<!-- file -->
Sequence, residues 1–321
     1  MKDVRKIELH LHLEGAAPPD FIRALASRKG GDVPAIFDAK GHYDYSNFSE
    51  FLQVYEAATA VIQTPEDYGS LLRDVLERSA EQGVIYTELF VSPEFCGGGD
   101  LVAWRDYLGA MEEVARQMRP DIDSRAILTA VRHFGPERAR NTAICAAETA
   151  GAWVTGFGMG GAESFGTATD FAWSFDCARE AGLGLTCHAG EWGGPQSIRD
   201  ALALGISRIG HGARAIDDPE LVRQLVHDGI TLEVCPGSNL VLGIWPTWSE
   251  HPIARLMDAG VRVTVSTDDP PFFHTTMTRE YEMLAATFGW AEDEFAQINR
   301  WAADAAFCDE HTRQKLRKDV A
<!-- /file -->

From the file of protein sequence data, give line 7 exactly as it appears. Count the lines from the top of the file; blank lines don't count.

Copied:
   251  HPIARLMDAG VRVTVSTDDP PFFHTTMTRE YEMLAATFGW AEDEFAQINR